Servitization offers a viable method of boosting growth for manufacturers’ businesses and the industrial sector overall. Antony Bourne, global manufacturing industry director for IFS, explains how.
The UK is currently the ninth largest manufacturing nation in the world and the sector has increased by 1.4% a year since 1948.
However, it’s a hugely competitive industry and those working in the sector are seeing their product margins being constantly squeezed. With many products becoming commoditised, manufacturers are always on the lookout for ways to differentiate themselves.
One way we are seeing this being done is in the aftermarket through “servitization,” where manufacturers adapt their business models to offer their customers services on top of the physical product, thereby creating a holistic solution.
In some cases the services even replace the physical product.
What does servitization mean to manufacturers today?
As with any of these industry terms, it’s critical for those working in the relevant sector to understand exactly how they can use servitization to their advantage and make the most of what it has to offer.
Prior to embarking on this journey, manufacturers need to ensure they have the relevant processes in place to deliver on the servitization model, including:
- An enterprise solution that can handle what they are delivering to customers
- The ability to record and control the type of service that they are offering
- The ability to schedule people (including subcontractors) to perform jobs in the field
- The ability to record what has happened in the field so that an accurate service contract is maintained (this is often done using mobile devices)
There is a variety of ways that manufacturers can incorporate servitization into their business model and it’s really about moving from a ‘product-centric’ to a ‘service-centric; model.
Each customer will have different requirements from manufacturers, however the more broad the offering, the more likely customers are to select a wider range of services.
Manufacturers need to remember that it’s not just about the maintenance of products because soon, the disposal of products will also become an important option.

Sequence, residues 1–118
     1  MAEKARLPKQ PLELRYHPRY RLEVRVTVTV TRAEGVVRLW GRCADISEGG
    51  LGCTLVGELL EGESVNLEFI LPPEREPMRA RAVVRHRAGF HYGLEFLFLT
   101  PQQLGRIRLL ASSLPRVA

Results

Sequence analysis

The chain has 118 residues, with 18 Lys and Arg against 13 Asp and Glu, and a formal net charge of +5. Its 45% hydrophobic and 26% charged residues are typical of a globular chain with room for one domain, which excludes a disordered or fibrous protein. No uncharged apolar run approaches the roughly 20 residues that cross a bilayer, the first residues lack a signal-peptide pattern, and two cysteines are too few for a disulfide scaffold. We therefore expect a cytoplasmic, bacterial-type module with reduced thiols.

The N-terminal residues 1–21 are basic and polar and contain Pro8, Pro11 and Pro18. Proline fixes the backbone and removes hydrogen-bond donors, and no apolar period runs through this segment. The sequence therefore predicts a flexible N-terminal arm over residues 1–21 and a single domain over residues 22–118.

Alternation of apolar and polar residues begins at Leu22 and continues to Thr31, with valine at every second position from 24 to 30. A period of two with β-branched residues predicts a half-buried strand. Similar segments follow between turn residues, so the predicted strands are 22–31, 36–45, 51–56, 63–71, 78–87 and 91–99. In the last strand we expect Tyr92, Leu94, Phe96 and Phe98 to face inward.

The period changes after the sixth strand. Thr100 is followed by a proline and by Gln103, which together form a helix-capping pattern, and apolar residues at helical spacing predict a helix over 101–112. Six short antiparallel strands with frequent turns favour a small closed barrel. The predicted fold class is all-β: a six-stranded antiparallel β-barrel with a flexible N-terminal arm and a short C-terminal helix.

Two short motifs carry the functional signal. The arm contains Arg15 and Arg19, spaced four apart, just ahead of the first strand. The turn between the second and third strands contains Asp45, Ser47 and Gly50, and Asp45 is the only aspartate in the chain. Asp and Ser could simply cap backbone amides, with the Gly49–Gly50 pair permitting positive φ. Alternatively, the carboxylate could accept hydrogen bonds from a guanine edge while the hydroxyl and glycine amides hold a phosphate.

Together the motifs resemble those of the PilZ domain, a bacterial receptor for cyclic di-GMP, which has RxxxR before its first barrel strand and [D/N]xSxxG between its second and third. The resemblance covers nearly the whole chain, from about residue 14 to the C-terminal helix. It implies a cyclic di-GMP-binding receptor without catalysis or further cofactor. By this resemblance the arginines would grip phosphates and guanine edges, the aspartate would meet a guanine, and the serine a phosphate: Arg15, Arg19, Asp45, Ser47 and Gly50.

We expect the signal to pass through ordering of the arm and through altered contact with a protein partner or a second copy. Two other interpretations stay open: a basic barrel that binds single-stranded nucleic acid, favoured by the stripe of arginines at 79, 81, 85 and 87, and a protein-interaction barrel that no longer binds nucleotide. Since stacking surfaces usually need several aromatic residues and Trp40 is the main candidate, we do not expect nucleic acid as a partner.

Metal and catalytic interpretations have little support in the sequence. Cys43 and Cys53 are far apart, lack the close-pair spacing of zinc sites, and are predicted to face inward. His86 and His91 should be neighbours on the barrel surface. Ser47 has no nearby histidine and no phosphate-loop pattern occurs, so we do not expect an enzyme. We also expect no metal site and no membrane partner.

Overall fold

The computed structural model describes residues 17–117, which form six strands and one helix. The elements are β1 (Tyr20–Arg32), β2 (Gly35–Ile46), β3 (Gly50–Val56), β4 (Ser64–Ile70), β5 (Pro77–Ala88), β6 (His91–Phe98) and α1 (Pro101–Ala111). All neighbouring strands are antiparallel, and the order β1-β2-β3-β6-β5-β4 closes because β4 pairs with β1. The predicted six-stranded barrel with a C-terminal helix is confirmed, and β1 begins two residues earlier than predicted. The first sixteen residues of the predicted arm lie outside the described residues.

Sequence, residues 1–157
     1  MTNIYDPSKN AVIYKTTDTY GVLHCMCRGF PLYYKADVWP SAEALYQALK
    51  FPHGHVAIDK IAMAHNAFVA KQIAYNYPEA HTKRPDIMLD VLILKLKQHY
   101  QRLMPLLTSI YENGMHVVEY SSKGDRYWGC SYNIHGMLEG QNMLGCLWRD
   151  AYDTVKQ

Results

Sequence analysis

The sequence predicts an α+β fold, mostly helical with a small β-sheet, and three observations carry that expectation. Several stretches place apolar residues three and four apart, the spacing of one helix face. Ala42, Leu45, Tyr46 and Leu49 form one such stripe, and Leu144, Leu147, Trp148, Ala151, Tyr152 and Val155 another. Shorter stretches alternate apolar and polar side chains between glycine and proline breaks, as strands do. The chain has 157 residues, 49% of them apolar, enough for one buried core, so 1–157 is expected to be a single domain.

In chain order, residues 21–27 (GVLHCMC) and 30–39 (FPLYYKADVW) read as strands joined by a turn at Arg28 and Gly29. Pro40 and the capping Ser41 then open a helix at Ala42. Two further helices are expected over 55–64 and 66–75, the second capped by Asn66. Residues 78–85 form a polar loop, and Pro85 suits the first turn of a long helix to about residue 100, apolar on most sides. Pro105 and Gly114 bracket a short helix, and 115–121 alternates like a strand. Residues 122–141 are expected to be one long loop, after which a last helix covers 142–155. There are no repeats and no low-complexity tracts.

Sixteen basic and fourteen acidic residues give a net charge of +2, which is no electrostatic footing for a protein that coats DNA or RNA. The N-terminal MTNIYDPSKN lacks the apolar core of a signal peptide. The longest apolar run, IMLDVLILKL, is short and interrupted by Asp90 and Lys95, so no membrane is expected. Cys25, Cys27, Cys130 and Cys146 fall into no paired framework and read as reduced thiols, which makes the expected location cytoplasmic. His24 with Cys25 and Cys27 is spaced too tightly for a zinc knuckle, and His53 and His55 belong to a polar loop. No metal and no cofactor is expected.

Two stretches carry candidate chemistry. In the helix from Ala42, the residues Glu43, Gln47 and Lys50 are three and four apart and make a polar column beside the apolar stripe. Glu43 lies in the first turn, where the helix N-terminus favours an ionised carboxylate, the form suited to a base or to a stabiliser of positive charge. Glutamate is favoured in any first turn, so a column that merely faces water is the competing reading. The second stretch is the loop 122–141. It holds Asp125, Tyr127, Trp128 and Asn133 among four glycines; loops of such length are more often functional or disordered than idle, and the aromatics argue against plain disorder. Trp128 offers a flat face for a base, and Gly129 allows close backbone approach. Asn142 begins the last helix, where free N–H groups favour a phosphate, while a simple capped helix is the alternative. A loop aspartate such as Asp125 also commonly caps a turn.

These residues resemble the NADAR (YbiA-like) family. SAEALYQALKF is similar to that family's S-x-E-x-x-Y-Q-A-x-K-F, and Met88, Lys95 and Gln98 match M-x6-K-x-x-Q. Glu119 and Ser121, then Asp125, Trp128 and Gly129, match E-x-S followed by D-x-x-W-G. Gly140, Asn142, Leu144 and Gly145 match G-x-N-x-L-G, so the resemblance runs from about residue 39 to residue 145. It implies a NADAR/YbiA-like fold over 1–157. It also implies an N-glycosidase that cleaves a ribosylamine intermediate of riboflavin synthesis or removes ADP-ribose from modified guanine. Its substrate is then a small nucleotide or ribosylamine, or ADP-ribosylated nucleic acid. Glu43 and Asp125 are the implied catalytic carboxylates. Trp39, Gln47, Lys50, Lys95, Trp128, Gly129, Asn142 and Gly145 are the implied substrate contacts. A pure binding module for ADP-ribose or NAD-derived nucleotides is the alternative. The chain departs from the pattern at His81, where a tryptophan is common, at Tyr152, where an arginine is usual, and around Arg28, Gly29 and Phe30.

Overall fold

There are a number of areas that manufacturers need to pay close attention to as they look to expand their service offerings, such as:
What are the benefits?
There are a number of key benefits of servitization for manufacturers, including the development of longer-term relationships between vendor and customer and the creation of long-term revenue streams that can be more reliable than new product sales.
Barclays’ 2016 Annual Manufacturing Report found that 74% of respondents said that a closer relationship with their customer was the principle motivator behind their service offerings.
Antony’s other thought leadership articles include:
- Digitisation of manufacturing
- Over-hyped or not, IoT is real – and it’s happening today
- Demand forecasting
- Dining out on IoT and M2M
The report also showed that nearly half (46%) of respondents are looking to improve profitability through added-value services.
It’s clear to see that the value associated with adding useful services can result in higher profits as manufacturers get closer to their customers and encourage a degree of customer loyalty that can effectively lock out the competition.
Why aren’t all manufacturers doing it?
The answer is that some manufacturers simply aren’t ready. They either don’t have the systems in place to do it or they don’t have the people or skills associated.
The Barclays’ report referred to earlier found that nearly 70% of manufacturers saw “availability of resources (people, materials, financial)” as the principal hurdle to increasing their service portfolio.
Moving forward, we’re hoping to see more manufacturers truly integrate value added services into their full portfolio offerings and they will require a greater focus on the resources that are needed to do this.
We’re looking forward to seeing how this develops and hopefully it will further boost the growth of the UK’s manufacturing sector.